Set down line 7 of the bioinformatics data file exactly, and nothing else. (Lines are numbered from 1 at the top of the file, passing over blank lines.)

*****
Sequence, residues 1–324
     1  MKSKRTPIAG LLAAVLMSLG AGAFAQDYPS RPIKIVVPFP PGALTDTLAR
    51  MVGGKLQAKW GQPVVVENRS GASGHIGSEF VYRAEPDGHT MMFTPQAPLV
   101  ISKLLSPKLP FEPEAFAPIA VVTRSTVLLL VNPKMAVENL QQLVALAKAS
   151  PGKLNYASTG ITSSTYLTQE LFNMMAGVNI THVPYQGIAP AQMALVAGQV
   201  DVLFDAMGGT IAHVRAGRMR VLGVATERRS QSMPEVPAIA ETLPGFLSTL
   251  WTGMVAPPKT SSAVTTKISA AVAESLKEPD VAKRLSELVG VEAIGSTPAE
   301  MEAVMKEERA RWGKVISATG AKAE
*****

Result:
   251  WTGMVAPPKT SSAVTTKISA AVAESLKEPD VAKRLSELVG VEAIGSTPAE